Author Topic: New Mustachian, late-20s professional seeking next steps  (Read 2822 times)

denverite

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New Mustachian, late-20s professional seeking next steps
« on: November 25, 2014, 04:54:23 PM »
Hello, Mustachians,

I'm 29, male, single, and currently renting. I paid off my grad-school debt in February and found Money Mustache in May. Since then, I have been saving and simplifying my life in order to maximize the income I bring home from a teacher's salary. I had a savings account for a new car (my current hand-me-down minivan cost me $2k last year in repairs), but now I'm leaning more towards getting rid of one altogether.

My question is: where should I put my money at this point in my life and career? Should I spring for a home (with the help of family), invest in stocks, or something else? One long-term ideal would be to purchase a house or land for a housing cooperative that could facilitate transitions out of prison or homelessness through affordable rent/food. Less ambitiously, I could also be happy in a simple home with one or two roommates.

Take home Monthly Income: 2800 ($150 from Lyft, 2650 from salary + occasional stipends) 
Savings: $700 ($400 in Savings, $300 in Health Savings Account)
Investment: $334  ($234 Roth IRA, $100 in Mutual Funds) --I put all stipends (4k per year) toward the ROTH to max it out.
Bills: $772 (Rent: $575, Phone: $55, Gym: $99, Car insurance $43)
Charity/Donations: $300
Fun: $80
Grocery: $300
Gas: $80
Restaurant: $100*
Freedom Account: $135 (Short term savings for future expenses: clothes, repairs, tools, books, fees, and furniture)

Assets: $19,636
Mutual Funds: $7,147 (Edward Jones)
Roth IRA: $4,455
Savings: $6,367
Cash (freedom acct/checking): $1,667

*I acknowledge that the place I could cut spending the most (and where most of my extra income goes) is restaurants, which is my priority to change this month.

You can see I have a little over 6k for a car or to use towards a downpayment (family could support me in buying if I asked them). Should I consider doing something else with this money? Should I be investing in something else?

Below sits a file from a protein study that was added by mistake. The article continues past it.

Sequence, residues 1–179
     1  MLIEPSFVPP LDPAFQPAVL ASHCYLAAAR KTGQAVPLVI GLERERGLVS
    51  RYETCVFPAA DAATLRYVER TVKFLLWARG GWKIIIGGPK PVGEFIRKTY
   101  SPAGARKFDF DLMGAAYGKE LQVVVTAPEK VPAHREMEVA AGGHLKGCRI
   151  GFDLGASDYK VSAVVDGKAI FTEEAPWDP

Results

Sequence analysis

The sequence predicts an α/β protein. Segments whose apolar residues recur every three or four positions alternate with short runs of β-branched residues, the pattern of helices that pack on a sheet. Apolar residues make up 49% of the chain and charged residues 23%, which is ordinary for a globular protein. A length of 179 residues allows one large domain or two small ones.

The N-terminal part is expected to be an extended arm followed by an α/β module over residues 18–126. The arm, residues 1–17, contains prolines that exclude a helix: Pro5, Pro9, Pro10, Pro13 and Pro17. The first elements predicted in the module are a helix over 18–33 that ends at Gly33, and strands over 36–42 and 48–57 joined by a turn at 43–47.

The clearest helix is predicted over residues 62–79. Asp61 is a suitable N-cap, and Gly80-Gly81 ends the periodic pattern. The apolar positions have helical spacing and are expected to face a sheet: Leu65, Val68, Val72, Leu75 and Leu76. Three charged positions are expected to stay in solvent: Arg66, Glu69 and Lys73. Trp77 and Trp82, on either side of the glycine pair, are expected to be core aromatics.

Thank you in advance for all wisdom, censure, advice and criticism!

data.Damnation

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Re: New Mustachian, late-20s professional seeking next steps
« Reply #1 on: November 25, 2014, 05:40:45 PM »
  • Don't buy a home until you're ready to settle someplace. You have to live in a home for at least 5 years for it to be financially worthwhile.
  • $99 a month is a lot of money for a gym. Exercise is important, but there are more frugal ways to do it. Buy a set of weights and go running outside instead.
  • $300 a month in groceries is a lot of money for a single guy. Don't buy the frozen/premade dinners, buy raw ingredients and cook them yourself and you can easily knock $100/month off of this.
  • Do you really need a new car, or do you just *want* a new car? If you just spent $2k on repairs, it's probably in much better shape than it was before the repairs. Why spend $6k and take on a monthly payment if you don't have to? On the other hand, a minivan isn't very practical for a single guy, you could sell it and buy something smaller, newer, and more fuel efficient, although you are only spending $80/month in gas.

Cococola

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Re: New Mustachian, late-20s professional seeking next steps
« Reply #2 on: November 25, 2014, 09:35:43 PM »